What is Innovation Ambition and what's yours?
by Cecilia Thirlway, on 4 Jun 2019 3 min read
Innovation isn't just about moonshots and disruptions. Expanding existing capabilities and realising smaller, less radical projects can still create value for your organisation. Here's how the three levels of ambition can help ensure balance in your innovation portfolio.
Before embarking on any innovation programme, it's wise to consider what you would like it to achieve for your organisation. This should always be done in the context of your business strategy - any innovation programme not aligned with strategy is going to struggle to deliver real value because it will be focused on the wrong things.
There are many ways of ensuring balance in your innovation portfolio (see our article on the three horizons of innovation). One approach is to consider what we call your Innovation Ambition - i.e. how far-reaching do you want your innovation to be? While it can be tempting to think of innovation as only being about huge, ground-breaking disruptions, those projects are few and far between. Not only that, but they are higher risk and generally take a long time to implement. On a day to day basis therefore, your innovation portfolio needs also to focus on the smaller, less radical projects that can still create value for your organisation at lower risk.
Deloitte consultants Nagji and Tuff created the Innovation Ambition Matrix in 2012 as a way of helping organisations balance their innovation portfolio - but what are the three types they outlined?
Incremental or Core Innovation
The first, incremental innovation, is about looking for ways of extending your current business. This is generally through making small scale improvements to add or sustain value to existing products, services and processes. A classic example of incremental innovation would be Gillette razors, where adding additional features such as extra blades and moisturising strips allows the company to extend the product range into higher priced items, while retaining existing products. The beauty of incremental innovation is that it is often reasonably quick to implement, as it tends to use the existing technology and business model.
Gillette is also an example of how incremental innovation can lead to a product remaining stuck in a particular form, however: a focus on adding features risks missing the possibilities of making more radical changes to either the product or the business model, as the Dollar Shave Club did successfully. While incremental innovation creates short-term value, in the long term it can lead to a proliferation of product extensions, which can result in simply slicing a finite market into ever smaller customer segments.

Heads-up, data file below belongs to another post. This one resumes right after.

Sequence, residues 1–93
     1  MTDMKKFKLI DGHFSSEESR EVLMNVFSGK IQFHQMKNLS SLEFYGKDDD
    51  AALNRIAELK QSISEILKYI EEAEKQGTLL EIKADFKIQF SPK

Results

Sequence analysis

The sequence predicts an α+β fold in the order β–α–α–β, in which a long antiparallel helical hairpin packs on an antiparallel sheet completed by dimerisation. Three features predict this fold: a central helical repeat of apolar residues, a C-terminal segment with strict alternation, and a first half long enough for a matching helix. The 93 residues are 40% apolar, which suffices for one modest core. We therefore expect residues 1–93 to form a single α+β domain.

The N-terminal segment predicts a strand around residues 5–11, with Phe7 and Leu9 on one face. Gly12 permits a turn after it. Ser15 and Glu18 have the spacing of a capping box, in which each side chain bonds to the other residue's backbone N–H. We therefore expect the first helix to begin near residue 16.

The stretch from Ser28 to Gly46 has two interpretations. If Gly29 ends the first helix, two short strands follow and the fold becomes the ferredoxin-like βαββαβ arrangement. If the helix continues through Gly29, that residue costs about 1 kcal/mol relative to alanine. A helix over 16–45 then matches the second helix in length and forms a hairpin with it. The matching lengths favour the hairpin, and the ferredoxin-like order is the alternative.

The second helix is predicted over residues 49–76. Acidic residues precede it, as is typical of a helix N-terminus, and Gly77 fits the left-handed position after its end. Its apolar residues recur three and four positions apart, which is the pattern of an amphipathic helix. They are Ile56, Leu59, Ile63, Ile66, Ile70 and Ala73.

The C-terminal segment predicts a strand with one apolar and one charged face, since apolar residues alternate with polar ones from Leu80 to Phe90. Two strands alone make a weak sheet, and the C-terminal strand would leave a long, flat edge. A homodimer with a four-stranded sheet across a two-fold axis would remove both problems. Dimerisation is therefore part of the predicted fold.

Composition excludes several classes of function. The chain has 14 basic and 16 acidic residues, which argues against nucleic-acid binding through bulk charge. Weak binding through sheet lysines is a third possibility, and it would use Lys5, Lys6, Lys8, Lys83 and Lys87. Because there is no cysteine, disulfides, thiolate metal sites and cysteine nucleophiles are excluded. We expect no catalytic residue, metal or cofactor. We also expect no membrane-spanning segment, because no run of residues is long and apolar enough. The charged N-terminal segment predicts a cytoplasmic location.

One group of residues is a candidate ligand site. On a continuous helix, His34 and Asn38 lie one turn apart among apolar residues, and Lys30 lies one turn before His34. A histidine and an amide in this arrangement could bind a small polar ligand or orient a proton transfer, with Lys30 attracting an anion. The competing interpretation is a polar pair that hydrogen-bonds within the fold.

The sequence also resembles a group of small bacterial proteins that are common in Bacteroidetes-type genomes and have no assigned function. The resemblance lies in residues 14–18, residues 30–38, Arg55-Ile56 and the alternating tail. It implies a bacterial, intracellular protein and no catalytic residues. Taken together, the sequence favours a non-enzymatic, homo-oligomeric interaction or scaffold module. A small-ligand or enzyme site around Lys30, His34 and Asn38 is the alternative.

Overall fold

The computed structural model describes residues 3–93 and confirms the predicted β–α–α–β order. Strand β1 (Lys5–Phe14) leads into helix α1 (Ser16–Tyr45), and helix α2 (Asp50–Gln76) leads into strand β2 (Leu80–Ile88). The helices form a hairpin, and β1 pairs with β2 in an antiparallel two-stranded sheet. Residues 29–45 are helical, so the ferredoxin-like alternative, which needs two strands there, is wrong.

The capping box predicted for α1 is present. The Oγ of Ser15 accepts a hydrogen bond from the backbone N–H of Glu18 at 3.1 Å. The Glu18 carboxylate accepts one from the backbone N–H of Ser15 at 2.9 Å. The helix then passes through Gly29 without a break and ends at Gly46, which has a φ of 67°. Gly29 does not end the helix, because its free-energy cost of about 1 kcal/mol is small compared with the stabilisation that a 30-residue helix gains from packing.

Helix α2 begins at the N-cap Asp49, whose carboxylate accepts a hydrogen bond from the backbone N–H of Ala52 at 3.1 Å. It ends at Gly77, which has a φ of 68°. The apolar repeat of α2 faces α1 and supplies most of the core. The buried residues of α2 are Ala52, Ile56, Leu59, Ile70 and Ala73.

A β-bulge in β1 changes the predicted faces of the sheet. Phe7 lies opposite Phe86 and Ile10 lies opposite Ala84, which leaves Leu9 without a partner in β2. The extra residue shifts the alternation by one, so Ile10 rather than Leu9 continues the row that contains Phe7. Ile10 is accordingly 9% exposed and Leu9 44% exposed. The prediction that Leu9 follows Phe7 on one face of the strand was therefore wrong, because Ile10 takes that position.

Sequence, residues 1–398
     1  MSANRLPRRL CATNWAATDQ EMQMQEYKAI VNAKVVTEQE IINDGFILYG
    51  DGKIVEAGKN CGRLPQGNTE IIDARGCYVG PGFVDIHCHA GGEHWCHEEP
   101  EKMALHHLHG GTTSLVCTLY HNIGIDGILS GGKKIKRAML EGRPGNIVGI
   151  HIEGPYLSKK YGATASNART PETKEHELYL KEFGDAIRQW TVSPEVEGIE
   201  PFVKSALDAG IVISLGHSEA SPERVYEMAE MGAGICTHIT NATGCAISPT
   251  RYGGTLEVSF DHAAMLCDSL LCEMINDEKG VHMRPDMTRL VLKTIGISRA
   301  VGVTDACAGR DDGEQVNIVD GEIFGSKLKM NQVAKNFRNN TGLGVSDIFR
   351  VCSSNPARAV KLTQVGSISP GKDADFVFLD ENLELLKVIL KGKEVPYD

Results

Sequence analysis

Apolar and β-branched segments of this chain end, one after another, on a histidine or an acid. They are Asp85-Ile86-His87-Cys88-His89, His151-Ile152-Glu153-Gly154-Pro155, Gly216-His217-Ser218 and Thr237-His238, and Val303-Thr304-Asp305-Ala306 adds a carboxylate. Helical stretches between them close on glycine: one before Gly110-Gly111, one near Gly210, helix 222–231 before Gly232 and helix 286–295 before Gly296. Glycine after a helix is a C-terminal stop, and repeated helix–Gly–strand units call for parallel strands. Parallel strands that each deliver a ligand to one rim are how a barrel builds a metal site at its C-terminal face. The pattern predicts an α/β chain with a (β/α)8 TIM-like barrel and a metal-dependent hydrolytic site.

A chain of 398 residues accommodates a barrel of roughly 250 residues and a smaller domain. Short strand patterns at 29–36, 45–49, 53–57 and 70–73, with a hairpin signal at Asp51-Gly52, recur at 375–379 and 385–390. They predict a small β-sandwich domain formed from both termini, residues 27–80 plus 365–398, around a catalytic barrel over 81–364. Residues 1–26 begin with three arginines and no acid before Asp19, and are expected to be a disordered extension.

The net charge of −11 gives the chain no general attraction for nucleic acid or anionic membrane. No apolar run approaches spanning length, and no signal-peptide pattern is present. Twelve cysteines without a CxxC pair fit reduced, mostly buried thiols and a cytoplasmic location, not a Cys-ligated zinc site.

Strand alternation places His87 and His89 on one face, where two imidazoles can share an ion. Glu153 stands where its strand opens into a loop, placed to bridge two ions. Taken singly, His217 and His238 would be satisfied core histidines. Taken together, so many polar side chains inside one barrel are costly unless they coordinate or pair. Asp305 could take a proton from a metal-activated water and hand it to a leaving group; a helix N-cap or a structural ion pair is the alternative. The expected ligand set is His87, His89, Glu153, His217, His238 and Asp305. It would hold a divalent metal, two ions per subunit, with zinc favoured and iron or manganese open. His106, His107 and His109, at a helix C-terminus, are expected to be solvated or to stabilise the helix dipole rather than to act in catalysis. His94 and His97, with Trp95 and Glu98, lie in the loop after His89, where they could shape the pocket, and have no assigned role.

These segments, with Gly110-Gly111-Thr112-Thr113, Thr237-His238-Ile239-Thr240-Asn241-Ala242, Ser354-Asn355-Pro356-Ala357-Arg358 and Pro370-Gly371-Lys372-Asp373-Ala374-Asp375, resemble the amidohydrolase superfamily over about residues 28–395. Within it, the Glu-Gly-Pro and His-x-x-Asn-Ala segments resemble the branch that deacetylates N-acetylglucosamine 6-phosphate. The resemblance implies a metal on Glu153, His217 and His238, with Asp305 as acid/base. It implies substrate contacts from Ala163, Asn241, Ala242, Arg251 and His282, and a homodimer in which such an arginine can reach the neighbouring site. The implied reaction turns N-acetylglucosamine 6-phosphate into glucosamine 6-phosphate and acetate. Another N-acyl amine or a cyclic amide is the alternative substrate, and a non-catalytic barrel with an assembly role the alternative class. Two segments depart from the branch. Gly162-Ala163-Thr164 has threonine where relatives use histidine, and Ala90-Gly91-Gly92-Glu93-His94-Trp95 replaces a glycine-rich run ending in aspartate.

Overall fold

Breakthrough or Adjacent Innovation
This second type of innovation uses existing skills, specialisms or products that the organisation does well, and moves them into a new space. This might mean offering a technology in which the company has expertise to a new market, using new technology to offer existing customers a different product or service, or offering the same products on a different business model. For example, when car manufacturers started offering leasing alongside straightforward sales, or car rental firms moved into urban car sharing schemes, it opened up new customer segments with different needs.
One of the best examples of a company leveraging adjacent innovation is Amazon. Using its highly successful bookstore platform and fulfilment systems, it has moved into a huge number of markets other than book retailing. While each market will have required setting up new supply chains, it applied its expertise in e-commerce to each one to make them profitable as quickly as possible.
Because adjacent innovation requires setting up new business models or opening up new customer segments, it takes longer and requires more investment than incremental innovation, so the risks are higher. The potential for creating value, however, is often higher than with incremental innovation as the organisation is expanding its capabilities.
Radical or Transformational Innovation
Ironically, radical innovation is normally the type that hits the headlines, but it's generally the hardest and riskiest to achieve.
Radical or transformational innovation involves creating whole new offers or sometimes even a whole new business to serve completely new markets or a different set of customer needs. One way of assessing whether an innovation is radical or not is to consider whether it could have been achieved by improving the existing paradigm: for example, would digital photography have eventually have been achieved through improvements in film cameras, or the MP3 player by making cassette tapes better?
It is particularly hard for established organisations to achieve radical innovation because it relies on thinking completely differently about the market and the customer, or experimenting with a completely new technology. Organisations tend to become less flexible, less experimental and less able to think differently as they grow, so many businesses opt to create separate labs or skunkworks to focus on radical innovation in order to sidestep these constraints. Another approach is to partner with start-ups that have the ability to be nimble and respond quickly to opportunities.
Radical innovation can change the shape of a market, and create huge competitive advantage as others struggle to catch up, so the returns can be significant - but so, of course, are the risks.
Some further reading:
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